The San Francisco-based bank said it had fired 5,300 employees over the fake accounts. Some low-level bankers came forward, saying they were under intense pressure to meet sales quotas. They said managers told them to do whatever it took to open new accounts, even if customers didn’t ask for them.
At Warren’s insistence, the Department of Labor agreed on Sept. 26 to conduct a review of whether the bank violated wage and overtime rules while pushing branch workers to meet aggressive targets. U.S. prosecutors are also investigating, according to a person with knowledge of the matter.
“What you saw from the two hearings was that he came across as really out of touch, not just with what was going on in the bank, but also with the current political environment,” said Brian Kleinhanzl, an analyst at Keefe, Bruyette & Woods in New York. “It was a certain aloofness that he presented, which is not what you wanted to see in that situation. Overall, he completely misread the situation.”
Stumpf, one of 11 children of a dairy farmer from Pierz, Minnesota, about 100 miles (160 kilometers) north of Minneapolis, joined the loan department of Norwest Corp. in 1982 and rose through the ranks. In 1998, Norwest merged with Wells Fargo and Stumpf was put in charge of Arizona, New Mexico and Texas. He was appointed president in 2005.
When Stumpf assumed the top job in June 2007, the U.S. housing bubble was about to pop. A year later, amid the ensuing financial crisis, he outmaneuvered Citigroup Inc. to purchase Wachovia Corp. American Banker chose Stumpf as its 2013 Banker of the Year, and Morningstar Inc. named him its CEO of the Year for 2015. Aside from settlements with cities such as Baltimore and Memphis for predatory mortgage lending in which it neither admitted nor denied wrongdoing, Wells Fargo generally avoided controversies that ensnared some of its competitors.
While Stumpf lacks the presentation skills of some other CEOs, he deserves credit for managing the integration of Wachovia, said Gary Townsend, founder of family office GBT Capital Management in Chevy Chase, Maryland.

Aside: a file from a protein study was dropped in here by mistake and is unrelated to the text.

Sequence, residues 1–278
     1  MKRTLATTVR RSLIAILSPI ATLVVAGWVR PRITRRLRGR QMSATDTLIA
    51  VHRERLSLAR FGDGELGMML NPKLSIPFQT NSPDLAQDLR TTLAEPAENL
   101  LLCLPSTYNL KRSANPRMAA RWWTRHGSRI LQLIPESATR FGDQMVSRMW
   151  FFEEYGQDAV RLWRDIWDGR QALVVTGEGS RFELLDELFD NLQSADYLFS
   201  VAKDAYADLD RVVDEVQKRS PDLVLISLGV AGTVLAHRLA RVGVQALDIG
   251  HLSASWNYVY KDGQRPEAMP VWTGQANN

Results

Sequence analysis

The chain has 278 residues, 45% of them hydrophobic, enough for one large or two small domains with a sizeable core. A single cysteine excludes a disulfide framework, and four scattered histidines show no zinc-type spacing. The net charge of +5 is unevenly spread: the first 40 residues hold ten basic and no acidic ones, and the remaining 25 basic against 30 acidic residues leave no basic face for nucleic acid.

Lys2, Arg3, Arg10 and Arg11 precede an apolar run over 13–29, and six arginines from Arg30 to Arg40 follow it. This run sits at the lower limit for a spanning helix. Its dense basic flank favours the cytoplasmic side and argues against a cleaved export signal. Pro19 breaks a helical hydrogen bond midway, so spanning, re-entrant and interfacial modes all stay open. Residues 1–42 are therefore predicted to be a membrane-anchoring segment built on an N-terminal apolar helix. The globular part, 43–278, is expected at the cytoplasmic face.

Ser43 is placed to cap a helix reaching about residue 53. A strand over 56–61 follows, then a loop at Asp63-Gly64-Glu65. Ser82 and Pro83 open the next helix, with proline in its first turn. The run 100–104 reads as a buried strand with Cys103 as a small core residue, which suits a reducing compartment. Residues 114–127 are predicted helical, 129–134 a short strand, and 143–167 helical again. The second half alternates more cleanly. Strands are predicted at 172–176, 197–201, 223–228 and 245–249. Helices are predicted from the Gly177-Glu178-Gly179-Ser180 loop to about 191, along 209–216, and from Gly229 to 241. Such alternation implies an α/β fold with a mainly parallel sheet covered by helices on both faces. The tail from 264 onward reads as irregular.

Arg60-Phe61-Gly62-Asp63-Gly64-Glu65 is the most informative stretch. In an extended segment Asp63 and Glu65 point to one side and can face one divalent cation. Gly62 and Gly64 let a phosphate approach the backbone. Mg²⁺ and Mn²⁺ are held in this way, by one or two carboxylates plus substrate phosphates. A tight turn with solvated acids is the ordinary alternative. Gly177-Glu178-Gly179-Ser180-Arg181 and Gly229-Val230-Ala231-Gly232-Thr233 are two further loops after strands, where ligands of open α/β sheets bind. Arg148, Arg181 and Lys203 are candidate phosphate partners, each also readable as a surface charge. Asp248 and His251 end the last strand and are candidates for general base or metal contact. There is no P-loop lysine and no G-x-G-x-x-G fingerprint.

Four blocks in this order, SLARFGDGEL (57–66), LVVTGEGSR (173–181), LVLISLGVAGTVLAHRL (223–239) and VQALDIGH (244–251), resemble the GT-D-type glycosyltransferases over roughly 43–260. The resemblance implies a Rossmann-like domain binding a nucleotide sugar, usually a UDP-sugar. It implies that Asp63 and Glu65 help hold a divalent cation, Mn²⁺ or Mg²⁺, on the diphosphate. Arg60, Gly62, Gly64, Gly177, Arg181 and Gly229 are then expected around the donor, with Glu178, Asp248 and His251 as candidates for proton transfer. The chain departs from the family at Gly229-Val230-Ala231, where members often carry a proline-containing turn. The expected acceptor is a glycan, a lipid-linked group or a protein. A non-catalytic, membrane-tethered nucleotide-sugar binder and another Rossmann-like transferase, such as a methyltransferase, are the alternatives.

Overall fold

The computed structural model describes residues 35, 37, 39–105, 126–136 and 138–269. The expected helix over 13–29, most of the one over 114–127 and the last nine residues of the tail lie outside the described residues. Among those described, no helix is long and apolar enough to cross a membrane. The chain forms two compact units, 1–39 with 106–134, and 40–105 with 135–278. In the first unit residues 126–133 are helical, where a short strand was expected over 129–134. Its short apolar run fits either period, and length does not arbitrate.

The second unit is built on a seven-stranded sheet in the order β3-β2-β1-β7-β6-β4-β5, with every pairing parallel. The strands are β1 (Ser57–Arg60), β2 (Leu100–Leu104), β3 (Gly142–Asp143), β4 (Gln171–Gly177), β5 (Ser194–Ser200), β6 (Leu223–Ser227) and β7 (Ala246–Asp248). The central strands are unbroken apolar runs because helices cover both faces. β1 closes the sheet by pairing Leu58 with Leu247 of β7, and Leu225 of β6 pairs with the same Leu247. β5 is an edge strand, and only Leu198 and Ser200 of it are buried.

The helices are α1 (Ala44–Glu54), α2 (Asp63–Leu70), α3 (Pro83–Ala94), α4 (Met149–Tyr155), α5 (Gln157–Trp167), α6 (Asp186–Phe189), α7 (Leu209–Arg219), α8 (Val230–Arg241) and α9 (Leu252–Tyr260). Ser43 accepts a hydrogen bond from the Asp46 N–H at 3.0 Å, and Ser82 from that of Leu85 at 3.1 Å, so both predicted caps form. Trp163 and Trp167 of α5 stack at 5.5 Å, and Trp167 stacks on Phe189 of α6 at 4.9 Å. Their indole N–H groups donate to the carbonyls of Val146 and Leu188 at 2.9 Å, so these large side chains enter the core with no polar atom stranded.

Other Wall Street CEOs have survived more costly misdeeds. Lloyd Blankfein of Goldman Sachs Group Inc. was excoriated at a 10-hour Senate hearing in 2010 over the bank’s aggressive marketing of mortgage investments and paid a then-record $550 million fine. JPMorgan’s Jamie Dimon faced a congressional committee’s displeasure over the London Whale trading debacle, which ended up costing more than $1 billion in fines. Even J.P. Morgan Jr. was dragged before Congress in 1933 to take blame for the Great Depression. None lost their jobs.
“There is not a single American with a bank account who hasn’t had complications, errant fees or frustration,” said Isaac Boltansky, an analyst at Compass Point Research & Trading LLC in Washington. “That’s what makes this account scandal so insidious and relatable.”
Wells Fargo has paid Stumpf more than $250 million since 2000, when the bank first began disclosing his compensation. That figure includes $23 million in salary, $44 million in cash bonuses, and $190 million from the vesting of stock and exercising of stock options.
As CEO, Stumpf cultivated a folksy persona, regaling interviewers with descriptions of his hardscrabble upbringing. He pushed cross-selling, using slogans including “Eight is Great” to encourage bankers to sell eight different products to each customer.
Ironically, the fake accounts weren’t profitable for Wells Fargo, according to Mike Mayo, an analyst at CLSA Ltd. in New York.
Stumpf was two years away from Wells Fargo’s mandatory retirement age of 65.